Last month, the UCSD Neurosciences Graduate Program held a little party at a local bar, and the invitation (above) came in the form of a video based on Daft Punk’s popular video/song “Get Lucky” (below).[...]
Neuroscientist Stuart Firestein, the chair of Columbia University’s Biological Sciences department, rejects any metaphor that likens the goal of science to completing a puzzle, peeling an onion, or peeking beneath the surface to view an iceberg in its entirety.
Such comparisons suggest a future in which all of our questions will be answered.
For decades following World War II, the world was left wondering how the atrocities of the Holocaust could have been perpetrated in the midst of—and, most horrifically, by—a modern and civilized society.[...]
There is a well-known scene in Woody Allen’s Take The Money And Run (1969) when Virgil Starkwell (Allen) takes a psychological test to join the Navy, but is thwarted by his lascivious unconscious.[...]
We don’t often write up videos posted by 9-11 Truthers, but you can watch an interesting exchange when this particular Truther confronts well-known linguist and political observer Noam Chomsky during the question session after the latter’s talk at the University of Florida.[...]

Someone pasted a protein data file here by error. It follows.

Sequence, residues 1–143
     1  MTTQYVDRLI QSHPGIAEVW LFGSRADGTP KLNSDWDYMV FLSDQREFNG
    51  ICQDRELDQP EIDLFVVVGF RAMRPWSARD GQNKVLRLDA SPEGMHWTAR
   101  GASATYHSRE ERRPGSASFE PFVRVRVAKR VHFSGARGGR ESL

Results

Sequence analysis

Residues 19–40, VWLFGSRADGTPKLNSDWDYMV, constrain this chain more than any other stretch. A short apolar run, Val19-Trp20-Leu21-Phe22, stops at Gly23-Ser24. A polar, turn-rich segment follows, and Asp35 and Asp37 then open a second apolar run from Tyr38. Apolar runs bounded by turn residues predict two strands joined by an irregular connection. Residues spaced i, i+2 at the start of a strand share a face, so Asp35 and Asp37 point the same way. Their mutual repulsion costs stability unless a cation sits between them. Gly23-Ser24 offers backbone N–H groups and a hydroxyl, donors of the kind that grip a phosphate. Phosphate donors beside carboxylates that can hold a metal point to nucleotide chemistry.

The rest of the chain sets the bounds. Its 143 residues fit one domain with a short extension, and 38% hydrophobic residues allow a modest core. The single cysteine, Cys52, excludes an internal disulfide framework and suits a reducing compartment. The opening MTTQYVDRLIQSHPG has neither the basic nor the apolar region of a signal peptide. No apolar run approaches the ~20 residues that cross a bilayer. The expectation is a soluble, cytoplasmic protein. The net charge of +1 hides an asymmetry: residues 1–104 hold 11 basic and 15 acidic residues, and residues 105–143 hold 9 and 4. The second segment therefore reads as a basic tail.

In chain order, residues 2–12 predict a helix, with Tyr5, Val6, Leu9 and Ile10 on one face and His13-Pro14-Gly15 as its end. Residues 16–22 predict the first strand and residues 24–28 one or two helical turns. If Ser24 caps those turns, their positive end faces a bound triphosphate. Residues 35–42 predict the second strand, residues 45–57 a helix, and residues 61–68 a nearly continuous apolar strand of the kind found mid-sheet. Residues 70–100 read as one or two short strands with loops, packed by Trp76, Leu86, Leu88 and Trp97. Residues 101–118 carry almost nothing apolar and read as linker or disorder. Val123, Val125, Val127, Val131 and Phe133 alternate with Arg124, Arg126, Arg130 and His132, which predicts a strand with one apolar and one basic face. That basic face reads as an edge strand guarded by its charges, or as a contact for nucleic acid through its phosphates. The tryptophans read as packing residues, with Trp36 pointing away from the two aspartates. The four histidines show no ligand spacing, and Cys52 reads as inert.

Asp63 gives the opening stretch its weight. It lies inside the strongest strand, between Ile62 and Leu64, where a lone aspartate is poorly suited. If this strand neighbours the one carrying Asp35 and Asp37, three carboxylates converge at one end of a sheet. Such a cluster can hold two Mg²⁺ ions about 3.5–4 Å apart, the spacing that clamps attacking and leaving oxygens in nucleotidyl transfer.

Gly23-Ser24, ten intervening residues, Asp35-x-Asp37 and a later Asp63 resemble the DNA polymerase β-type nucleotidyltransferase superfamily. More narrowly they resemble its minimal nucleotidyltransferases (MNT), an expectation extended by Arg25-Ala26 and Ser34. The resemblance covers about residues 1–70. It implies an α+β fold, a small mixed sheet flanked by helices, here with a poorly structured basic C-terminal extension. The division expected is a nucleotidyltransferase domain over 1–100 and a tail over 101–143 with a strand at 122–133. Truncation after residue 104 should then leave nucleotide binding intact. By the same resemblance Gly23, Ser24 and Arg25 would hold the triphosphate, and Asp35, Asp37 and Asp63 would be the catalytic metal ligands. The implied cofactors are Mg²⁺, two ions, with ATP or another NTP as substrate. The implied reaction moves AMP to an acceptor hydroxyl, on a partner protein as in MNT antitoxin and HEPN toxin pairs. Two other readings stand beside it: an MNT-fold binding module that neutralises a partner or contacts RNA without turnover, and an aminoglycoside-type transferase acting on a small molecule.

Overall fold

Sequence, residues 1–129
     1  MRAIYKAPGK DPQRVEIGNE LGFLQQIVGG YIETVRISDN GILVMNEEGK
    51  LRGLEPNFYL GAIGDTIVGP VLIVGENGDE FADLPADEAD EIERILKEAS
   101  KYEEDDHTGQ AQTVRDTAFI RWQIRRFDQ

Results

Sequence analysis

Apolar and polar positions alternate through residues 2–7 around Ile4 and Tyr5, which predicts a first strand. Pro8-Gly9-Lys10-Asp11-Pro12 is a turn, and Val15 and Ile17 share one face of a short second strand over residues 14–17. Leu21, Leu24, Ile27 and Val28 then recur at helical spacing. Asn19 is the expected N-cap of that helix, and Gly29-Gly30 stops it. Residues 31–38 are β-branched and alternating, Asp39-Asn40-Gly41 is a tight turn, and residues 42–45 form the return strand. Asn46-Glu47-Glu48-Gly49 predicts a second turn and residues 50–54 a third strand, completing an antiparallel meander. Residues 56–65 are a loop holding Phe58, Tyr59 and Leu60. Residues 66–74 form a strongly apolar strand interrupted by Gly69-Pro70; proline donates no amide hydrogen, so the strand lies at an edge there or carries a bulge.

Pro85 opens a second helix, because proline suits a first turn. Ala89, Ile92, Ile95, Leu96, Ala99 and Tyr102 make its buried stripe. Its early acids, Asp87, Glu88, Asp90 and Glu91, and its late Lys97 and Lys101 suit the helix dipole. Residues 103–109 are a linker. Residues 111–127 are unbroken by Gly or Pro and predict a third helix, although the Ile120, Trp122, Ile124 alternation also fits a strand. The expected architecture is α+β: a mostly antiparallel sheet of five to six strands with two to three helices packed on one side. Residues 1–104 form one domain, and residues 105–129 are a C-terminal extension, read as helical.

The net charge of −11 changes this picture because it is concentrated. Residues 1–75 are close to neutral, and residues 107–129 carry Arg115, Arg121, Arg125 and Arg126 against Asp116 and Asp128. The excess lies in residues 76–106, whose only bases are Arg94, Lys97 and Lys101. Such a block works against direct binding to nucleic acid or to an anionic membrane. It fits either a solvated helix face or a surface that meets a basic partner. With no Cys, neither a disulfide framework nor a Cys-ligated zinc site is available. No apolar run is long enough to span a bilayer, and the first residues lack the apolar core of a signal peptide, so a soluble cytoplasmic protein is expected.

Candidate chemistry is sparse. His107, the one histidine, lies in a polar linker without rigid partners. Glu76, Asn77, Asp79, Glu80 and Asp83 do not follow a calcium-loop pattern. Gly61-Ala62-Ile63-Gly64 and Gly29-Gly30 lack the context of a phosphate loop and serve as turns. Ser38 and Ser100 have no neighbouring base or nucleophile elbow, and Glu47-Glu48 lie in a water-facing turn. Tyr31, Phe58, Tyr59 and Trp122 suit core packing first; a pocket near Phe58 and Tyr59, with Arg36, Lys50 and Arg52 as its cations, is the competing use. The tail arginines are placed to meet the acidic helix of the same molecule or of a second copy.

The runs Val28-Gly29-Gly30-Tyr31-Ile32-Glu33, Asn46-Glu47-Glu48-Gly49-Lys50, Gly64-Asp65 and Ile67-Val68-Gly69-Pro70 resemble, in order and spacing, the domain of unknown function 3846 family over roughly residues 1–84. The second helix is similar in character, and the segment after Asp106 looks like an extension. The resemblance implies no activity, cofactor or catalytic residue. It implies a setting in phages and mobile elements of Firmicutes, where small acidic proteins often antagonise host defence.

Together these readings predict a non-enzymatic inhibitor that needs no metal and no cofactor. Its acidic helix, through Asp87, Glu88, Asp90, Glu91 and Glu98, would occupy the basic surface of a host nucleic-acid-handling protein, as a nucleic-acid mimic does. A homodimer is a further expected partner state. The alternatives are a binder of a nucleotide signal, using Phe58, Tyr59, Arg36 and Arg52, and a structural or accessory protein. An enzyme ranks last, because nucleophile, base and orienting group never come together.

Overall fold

Most of us can identify Charles Darwin as the father of modern evolutionary biology, but were you aware that he also fathered ten children with his cousin, Emma Wedgwood?
As daddies go, Darwin was quite evolved himself, displaying a 21st-century level of devotion to and involvement with his young.
Sean Goebel, a graduate student in astronomy at the University of Hawaii, has made this beautiful and fascinating time-lapse film of the observatories on Mauna Kea shooting laser beams into the night sky over the Big Island of Hawaii.[...]
I vividly recall my first opera. It was The Marriage of Figaro at the Metropolitan Opera in New York. A friend bought two family circle tickets—nosebleed seats—and insisted that I come along. She was a trained opera singer and aficionado. I was an unlearned neophyte.[...]
A new study published this week in Science concludes that you may get something unexpected from reading great literary works: more finely-tuned social and emotional skills.[...]